Ever wonder about the history of Hyde Square, Green Street, or Stony Brook? Learn about those neighborhoods and other JP areas through the Jamaica Plain Historical Society's history walking tours series. This is 27th season of JPHS' historic walking tours. All tours are free to the public, and the series kicks of May 14 with a tour Monument Square. The tours are mostly on Saturdays at 11 am, although there are a few Sunday tours this summer.
The beloved Wake Up The Earth Festival & Parade will be on May 7, and you'll have three places to join a parade, as they come together at Stony Brook. Parades will gather at 10:30 am. If you're interested in joining the parade, and everyone is welcome, please email Zafiro at email@example.com. The trio of parades will start at Curtis Hall, the Curley K-8 School, and the Egleston Square YMCA. Parades will meet at Jackson Square and then continue together down Lamartine Street to begin the festival at Stony Brook, which starts officially at noon, and goes to 6 pm. The festival includes musical performances, food vendors, a local farm selling seedlings, lots of local organizations with information tables, a kids musical play area, and more.
The 26th season of the free Jamaica Plain Historical Society neighborhood tours are kicking off May 22. The tours are a great way to learn more about Monument Square, the Woodbourne neighborhood, Jamaica Pond, and more. "I like helping people discover more about the history of the places they visit each day. People pass by the colonial milestones in JP zillions of times without knowing they are there and what they are," said JPHS President Gretchen Grozier. "But once someone takes a tour they learn more, and hopefully, are curious to continue learning more about the rich and wonderful history of Jamaica Plain."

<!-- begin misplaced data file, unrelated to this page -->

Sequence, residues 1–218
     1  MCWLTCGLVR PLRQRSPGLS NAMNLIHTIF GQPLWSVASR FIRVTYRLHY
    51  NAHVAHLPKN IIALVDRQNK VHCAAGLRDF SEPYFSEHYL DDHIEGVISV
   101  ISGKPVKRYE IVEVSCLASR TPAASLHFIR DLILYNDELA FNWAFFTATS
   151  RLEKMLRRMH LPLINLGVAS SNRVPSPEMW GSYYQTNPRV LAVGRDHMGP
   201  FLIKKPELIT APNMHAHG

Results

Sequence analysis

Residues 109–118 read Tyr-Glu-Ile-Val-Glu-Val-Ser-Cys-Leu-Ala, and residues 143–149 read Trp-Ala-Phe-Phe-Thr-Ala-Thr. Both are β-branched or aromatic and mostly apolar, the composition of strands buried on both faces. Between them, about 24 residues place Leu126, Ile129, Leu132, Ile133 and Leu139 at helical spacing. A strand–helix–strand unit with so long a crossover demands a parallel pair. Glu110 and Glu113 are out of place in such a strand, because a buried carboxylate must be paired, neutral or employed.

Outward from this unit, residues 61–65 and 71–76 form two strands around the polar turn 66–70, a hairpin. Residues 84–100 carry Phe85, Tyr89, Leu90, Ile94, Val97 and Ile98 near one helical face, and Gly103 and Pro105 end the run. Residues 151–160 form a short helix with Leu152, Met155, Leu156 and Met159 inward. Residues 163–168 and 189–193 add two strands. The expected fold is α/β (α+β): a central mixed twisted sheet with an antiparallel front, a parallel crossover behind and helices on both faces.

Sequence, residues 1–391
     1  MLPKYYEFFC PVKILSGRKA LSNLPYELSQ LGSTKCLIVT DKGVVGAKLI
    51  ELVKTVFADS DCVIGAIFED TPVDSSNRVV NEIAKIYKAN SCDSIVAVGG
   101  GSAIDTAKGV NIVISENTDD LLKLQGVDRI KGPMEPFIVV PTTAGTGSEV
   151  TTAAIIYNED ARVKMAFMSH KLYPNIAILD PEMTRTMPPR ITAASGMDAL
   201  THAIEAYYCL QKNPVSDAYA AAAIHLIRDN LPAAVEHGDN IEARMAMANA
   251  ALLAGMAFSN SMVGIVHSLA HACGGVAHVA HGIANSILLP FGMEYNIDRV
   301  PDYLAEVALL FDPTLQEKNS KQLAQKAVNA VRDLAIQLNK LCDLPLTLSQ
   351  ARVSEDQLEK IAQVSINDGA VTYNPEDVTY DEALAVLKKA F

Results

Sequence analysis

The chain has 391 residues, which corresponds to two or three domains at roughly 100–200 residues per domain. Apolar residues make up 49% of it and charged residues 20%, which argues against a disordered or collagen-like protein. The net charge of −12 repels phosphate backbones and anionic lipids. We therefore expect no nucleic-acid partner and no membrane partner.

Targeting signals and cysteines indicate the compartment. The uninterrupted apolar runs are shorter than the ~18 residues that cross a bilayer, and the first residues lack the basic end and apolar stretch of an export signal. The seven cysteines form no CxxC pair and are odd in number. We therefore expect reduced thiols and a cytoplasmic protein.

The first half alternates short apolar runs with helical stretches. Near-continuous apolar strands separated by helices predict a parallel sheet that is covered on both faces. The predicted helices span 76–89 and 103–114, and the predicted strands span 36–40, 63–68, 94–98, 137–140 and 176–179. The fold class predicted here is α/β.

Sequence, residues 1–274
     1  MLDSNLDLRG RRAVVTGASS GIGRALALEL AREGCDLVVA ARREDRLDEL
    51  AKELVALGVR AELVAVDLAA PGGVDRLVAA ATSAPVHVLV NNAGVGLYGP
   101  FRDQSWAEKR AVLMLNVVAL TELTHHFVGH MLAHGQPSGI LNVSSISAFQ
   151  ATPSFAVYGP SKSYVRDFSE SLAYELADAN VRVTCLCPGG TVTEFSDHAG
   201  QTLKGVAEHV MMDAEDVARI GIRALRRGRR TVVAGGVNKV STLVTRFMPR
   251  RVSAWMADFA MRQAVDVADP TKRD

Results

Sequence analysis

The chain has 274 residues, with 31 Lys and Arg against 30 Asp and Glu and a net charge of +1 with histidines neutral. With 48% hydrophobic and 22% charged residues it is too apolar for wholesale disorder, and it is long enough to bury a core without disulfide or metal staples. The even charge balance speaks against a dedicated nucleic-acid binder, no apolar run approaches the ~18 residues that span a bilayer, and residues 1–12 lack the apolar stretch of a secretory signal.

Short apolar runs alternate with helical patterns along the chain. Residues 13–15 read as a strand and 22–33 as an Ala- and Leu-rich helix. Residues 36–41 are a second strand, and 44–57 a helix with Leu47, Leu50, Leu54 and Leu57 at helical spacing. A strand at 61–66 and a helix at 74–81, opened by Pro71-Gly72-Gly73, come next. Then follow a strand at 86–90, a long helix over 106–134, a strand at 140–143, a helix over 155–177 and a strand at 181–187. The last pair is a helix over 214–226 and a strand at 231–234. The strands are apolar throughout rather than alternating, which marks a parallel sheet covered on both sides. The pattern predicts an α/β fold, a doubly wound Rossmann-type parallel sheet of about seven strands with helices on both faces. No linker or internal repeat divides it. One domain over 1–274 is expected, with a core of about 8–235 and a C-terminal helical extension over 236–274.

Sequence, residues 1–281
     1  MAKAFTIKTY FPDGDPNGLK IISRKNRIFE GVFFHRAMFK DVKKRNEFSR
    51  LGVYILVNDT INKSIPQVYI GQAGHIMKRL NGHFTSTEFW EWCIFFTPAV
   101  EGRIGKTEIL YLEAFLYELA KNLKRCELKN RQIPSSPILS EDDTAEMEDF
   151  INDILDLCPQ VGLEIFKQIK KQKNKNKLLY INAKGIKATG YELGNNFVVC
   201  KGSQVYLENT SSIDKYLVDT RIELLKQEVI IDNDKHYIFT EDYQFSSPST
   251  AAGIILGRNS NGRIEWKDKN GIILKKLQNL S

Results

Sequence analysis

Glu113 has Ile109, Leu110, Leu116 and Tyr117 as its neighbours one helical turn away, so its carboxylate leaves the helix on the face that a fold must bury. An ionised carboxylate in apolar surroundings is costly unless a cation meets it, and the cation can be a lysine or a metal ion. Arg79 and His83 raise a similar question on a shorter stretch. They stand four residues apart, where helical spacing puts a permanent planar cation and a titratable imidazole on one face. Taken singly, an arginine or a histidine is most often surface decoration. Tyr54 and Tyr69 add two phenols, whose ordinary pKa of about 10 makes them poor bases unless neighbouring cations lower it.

Alex Cox recently accomplished an amazing feat -- he walked every single street in Boston.
Cox is currently a Master in Urban Planning candidate at the Harvard Graduate School of Design. He recently achieved his long-term goal to visit every street in Boston by foot or by bike, and holds the Guinness World Record for fastest time to travel to every MBTA station. A long-time resident of the Fenway-Kenmore area, he now lives in Somerville. Here are his 10 favorite streets to walk in Jamaica Plain:
Jamaica Plain has always held a special place in my heart, because it was the first neighborhood of Boston that I ever lived in.
Currently, the dye house at 69 Williams Street and the landmark Doyle’s Café property next door are facing a proposed redevelopment into condos and a new restaurant building.
April 26 is the last day to provide input to the Boston Landmarks Commission about this significant property. The commission could decide to delay the demolition of the property. Comments can be submitted by 5 pm by emailing firstname.lastname@example.org.
Let's discuss the history of Isaac Cary’s historic property. Jamaica Plain's 69 Williams Street is a silk dye house that was built in 1880 by Isaac Harris Cary, a prominent merchant and real estate developer from JP.